Hollie Grimaldi Flores: Being mindful of bullying
Special to The Union
Bullying and cyberbullying are hot topics these days. There are plenty of news stories and films documenting extreme cases.
Various celebrities are coming forward with teary-eyed memories of how they endured being bullied through school; their seemingly perfect lives still mired from the mean-spirited public. The toll bullying takes is high.
I have a confession to make. There was a time when I was a bully. It was in middle school.
The object of my aggression: a girl one grade behind me. Her crime: she liked a boy one of my friends liked.
I spent a week intimidating her with notes passed in the hallway and a warning to stay away from that boy. The week culminated with a demand to meet me outside the red brick building after school, which was code for “get ready to rumble.”
I should point out a couple of factors here. First, this was not my fight.
I was intervening on behalf of a friend over a boy she liked who obviously liked someone else.
Secondly, I did not fight, did not want to fight, regretted the demand to fight. It was my little posse of friends and cohorts who spurred me on.
Honestly, it came down to peer pressure. I was in over my head. Luckily, the girl wisely did not show.
The next day I was called to the vice principal’s office and made to apologize, seemingly ending my career as a bully.
However, it followed me — years later, in a job I liked with a boss I adored. It turns out my boss was a family friend of my long-forgotten victim.
My name came up and the story was told. My boss basically told me he was disappointed to find out I was not the person he thought I was.
Even though years had passed and I had all but forgotten it, clearly she had not.
And in a world of instant karma, I have also been bullied. It was a year later. Again, it involved a boy. This one liked me, but she liked him.
There was some miscommunication by him over his availability at a party. In plain English, he cheated on her.
I became the object of every bad thing that ever happened to that girl. She and two of her friends took every chance encounter in the hall, in the bathroom, in the locker room, at sporting events — you name it, if they saw me they came after me.
There was a lot of name-calling and being shoved into walls. Once after gym class, I found my clothes stuffed into the toilet and was forced to wear my gym suit (remember those fashion statements) home. I never reported the girl, never told my parents. I just endured it. And I have never forgotten.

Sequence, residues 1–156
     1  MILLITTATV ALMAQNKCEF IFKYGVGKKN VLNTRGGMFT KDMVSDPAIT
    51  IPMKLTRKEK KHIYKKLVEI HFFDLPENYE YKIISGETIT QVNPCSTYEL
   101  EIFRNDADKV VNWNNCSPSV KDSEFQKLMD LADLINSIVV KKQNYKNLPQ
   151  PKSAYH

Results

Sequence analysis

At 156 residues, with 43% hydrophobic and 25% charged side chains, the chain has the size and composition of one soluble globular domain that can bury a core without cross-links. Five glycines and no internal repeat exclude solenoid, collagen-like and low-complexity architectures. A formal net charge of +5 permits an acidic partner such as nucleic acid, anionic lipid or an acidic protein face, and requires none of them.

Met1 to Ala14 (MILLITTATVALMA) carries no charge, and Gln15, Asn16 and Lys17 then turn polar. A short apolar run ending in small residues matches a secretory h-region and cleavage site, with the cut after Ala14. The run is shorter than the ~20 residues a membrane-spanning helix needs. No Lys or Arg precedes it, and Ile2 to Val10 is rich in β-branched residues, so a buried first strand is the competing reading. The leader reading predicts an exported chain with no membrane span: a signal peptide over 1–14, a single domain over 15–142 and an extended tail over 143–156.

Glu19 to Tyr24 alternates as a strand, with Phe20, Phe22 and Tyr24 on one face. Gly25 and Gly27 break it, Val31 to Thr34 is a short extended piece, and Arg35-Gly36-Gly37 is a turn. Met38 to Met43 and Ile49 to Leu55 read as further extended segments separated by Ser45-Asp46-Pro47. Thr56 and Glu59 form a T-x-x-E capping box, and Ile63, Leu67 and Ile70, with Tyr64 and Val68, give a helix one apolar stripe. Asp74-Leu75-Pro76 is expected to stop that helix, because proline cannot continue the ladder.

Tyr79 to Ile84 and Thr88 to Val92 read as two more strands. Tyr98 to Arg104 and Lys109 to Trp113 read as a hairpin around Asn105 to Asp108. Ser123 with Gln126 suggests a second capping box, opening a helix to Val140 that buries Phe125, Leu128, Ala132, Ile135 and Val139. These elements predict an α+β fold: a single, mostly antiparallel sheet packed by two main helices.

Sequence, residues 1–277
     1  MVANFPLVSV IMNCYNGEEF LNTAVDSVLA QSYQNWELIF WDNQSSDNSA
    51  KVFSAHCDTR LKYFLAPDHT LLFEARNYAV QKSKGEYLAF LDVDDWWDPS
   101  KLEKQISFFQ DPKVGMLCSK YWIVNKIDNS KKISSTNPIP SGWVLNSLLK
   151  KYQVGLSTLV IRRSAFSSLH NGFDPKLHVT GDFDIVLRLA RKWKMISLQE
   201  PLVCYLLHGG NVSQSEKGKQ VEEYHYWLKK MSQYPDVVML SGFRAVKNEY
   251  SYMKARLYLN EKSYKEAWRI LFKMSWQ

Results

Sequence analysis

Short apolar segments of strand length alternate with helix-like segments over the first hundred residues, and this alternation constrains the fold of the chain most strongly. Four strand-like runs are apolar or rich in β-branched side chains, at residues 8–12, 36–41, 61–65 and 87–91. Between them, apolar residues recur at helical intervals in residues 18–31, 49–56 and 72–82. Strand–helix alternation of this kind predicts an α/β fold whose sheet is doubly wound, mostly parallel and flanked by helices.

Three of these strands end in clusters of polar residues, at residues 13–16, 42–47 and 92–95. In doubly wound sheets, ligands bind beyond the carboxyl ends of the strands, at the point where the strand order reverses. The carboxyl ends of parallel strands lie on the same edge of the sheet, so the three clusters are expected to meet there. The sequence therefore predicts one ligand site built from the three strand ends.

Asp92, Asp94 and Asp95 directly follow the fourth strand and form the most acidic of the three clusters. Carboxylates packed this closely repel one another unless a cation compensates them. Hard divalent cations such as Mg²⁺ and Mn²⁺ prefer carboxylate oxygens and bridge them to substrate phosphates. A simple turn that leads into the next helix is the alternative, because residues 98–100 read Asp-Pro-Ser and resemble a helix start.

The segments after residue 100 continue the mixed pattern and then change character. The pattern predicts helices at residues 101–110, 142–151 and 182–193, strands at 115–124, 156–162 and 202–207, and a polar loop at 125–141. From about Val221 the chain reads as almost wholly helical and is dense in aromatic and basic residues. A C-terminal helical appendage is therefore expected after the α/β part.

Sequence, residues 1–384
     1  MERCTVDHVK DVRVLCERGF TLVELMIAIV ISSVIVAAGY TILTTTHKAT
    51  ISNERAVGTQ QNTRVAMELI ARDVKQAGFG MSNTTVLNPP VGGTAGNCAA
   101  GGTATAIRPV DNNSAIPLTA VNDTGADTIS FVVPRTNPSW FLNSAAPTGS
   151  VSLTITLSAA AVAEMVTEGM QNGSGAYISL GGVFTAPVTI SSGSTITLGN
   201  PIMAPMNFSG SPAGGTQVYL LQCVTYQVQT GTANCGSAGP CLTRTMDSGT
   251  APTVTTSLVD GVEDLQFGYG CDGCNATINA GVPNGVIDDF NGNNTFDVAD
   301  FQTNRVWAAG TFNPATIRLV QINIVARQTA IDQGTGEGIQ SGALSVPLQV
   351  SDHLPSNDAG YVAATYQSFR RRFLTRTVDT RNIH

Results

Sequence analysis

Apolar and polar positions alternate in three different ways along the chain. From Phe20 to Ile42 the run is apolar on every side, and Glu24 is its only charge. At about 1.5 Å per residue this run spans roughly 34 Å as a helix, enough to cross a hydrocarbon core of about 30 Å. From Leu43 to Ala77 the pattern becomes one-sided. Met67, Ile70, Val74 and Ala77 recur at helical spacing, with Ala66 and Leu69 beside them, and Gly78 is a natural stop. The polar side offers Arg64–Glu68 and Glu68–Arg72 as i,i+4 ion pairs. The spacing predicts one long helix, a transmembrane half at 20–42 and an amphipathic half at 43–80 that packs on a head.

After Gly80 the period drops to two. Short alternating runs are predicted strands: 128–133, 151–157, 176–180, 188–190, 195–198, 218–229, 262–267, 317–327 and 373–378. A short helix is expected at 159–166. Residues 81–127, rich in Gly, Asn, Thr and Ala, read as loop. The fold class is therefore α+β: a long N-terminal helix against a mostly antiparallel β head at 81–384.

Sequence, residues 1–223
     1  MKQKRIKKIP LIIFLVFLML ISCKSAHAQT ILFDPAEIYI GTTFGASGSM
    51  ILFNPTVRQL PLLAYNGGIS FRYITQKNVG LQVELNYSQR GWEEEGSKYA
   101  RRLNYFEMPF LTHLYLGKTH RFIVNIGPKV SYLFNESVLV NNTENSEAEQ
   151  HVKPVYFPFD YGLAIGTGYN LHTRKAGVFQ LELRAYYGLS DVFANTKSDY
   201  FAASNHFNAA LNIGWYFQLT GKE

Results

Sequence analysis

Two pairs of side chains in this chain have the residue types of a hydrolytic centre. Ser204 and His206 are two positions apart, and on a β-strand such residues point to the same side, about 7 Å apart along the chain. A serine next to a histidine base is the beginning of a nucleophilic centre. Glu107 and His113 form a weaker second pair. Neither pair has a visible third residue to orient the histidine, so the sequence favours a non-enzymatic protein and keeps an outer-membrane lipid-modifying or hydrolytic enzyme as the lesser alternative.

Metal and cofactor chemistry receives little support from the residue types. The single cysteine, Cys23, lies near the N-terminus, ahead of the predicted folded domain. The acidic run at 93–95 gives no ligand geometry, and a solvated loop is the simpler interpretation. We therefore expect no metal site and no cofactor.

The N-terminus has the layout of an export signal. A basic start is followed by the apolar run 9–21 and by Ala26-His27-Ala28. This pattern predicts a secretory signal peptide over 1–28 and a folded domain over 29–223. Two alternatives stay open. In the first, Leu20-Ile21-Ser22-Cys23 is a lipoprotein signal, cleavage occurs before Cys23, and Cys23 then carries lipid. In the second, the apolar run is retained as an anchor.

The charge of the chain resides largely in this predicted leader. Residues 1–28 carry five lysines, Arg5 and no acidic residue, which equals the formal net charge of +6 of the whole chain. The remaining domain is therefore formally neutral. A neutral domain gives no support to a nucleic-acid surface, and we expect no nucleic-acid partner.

Most adults I have talked to about this have a bullying story to tell. From being upended into a trash can, called names, lied about, ostracized, taunted, chased or ignored, we have been exposed and somehow survived.
My own children have been victims of bullying, and I suspect, having done a bit of bullying of their own.
As a parent, when I intervened I was told I was only making it worse. The school administrations do what they can but how effective they are is up for debate.
I tried teaching my children to sympathize with their bully. I would say things like, “You know they probably don’t have a nice Mommy cooking them breakfast and packing their lunch. Their home life is probably what makes them so mean. You should feel sorry for them and just keep your distance.”
I don’t know if it helped, but they, too, survived.
I am not trying to minimize the issue but what I believe is there will always be bullies and the best thing we can do for our children is to teach them coping skills and help them navigate in a world that can be less than kind.
We can set a good example by not attacking the coach, cutting off the driver, or degrading others in any form. We can ask them to be kind to the outsider and hope they will speak up when they see someone being treated unfairly.
Because being an adult does not mean your days of being bullied are over. We encounter them in the workplace, at school and sporting events and, of course, online. Spend a few minutes reading the paper, viewing websites or reading blogs and you can see the adult version alive and well. Even seemingly helpful sites can produce mean-spirited attacks and do I even need to mention “Yelp”?
Bullies leave their mark. But I do believe we can lead by example and not engage. Clearly, not everyone had a nice Mommy cooking them breakfast or packing their lunch.
Hollie Grimaldi Flores is the business development manager at The Union. Contact her at email@example.com.
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